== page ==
Writer. Lawyer. Nigerian. American. Bibliophile. Gender Equality Believer. Pop Culture Junkie. Theology Nerd. Millennial. 

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On Chrissy Teigen & Postpartum Depression

On Chrissy Teigen & Postpartum Depression

When I first saw tweets and headlines earlier this week about Chrissy Teigen opening up about having post-partum depression, the first thought that ran through my mind was whennnnnnnnn…

Between tweeting the wittiest and funniest things daily…

Photo Credit:Twitter: @ChrissyTeigen

Photo Credit:Twitter: @ChrissyTeigen

Cooking mouthwatering meals on Snapchat while looking like a sun-kissed goddess…

Snapchat: @ChrissyTeigen

Snapchat: @ChrissyTeigen

Presiding over the unofficial Bravo TV watchers club…

Photo Credit: www.bravotv.com 

Photo Credit: www.bravotv.com 

Choosing cute costumes and outfits for her adorable daughter Luna….

Photo Credit: E! Online

Photo Credit: E! Online

Serving effortless glam at the Grammys while her husband, the John Legend, wins awards for love songs he wrote about her…

GIF Source: Giphy 

GIF Source: Giphy 

Signing copies of her New York Times best-selling cookbook…

Photo Credit: Amazon

Photo Credit: Amazon

And lip-sync battling…

Source: www.buzzfeed.com 

Source: www.buzzfeed.com 

When did or does Chrissy have time to be depressed?

Almost as soon as that thought came to mind, I had to check myself. Speaking truth to conscience: I have battled depression. I know that looking from the outside, many could also find that hard to believe about me or to understand. I also remember how much I needed compassion and understanding in my darkest moments.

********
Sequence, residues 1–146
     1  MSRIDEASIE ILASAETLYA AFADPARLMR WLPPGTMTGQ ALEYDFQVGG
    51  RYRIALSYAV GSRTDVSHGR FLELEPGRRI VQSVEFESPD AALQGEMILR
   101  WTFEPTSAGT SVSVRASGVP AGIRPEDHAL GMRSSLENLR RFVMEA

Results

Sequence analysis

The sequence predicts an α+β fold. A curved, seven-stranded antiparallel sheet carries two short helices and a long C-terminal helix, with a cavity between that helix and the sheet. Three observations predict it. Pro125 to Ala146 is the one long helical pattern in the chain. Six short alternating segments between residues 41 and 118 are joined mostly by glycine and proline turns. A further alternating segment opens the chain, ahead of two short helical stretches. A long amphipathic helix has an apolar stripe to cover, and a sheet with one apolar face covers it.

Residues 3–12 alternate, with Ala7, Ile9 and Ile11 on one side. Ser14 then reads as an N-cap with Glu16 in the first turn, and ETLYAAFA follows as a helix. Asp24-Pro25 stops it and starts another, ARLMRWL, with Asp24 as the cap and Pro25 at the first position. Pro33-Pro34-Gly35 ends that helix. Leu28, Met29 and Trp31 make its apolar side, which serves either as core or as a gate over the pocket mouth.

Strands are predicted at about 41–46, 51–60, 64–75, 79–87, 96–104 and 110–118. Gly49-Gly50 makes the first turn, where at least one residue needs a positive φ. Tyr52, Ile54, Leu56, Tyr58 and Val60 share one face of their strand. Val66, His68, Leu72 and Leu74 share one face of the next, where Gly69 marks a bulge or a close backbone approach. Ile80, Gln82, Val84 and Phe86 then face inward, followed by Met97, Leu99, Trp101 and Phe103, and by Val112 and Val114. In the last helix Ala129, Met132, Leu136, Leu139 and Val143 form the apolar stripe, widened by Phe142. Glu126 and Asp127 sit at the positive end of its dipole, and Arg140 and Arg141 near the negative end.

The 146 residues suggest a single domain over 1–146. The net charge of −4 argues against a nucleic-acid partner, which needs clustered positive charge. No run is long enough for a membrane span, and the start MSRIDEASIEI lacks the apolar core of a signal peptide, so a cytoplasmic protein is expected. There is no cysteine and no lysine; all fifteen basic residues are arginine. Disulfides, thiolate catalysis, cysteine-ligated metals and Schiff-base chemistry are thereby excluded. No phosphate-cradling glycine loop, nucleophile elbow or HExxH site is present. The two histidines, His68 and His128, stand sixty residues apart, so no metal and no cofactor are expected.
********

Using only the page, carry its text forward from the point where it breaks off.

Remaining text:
So often, women can be so judgmental of each other, even when we’ve walked in similar shoes and know just how and where they pinch. I am ashamed that my first response towards Chrissy wasn’t compassion, but cynicism. Jesus be a karma stopper.

Photo Credit: www.glamour.com

Photo Credit: www.glamour.com

I read Chrissy’s essay for Glamour magazine about post-partum depression, and as can be expected from Chrissy: it was honest, self-aware, funny, and for me—relatable. It reminded me of a few things:

  1. The measure of a life transcends social media posts—Happy Facebook updates, Instagrams posts, Snaps and Tweets do not a happy person make.
  2. Women contain multitudes—there are levels and layers to this womanhood thing.
  3. Depression can happen to anyone, no matter how successful, beautiful, loved, popular, intelligent, religious or rich they are. Or like the title of a Mexican soap opera that was popular in Nigeria when I was growing up: The Rich Also Cry.
  4. It takes a lot of courage to be open about something like depression, even for someone as famously confident and candid as Chrissy. And when a person boldly chooses vulnerability, we owe them empathy—or at a minimum, compassion—whether up close or from a distance.

 You can read Chrissy’s essay here. 

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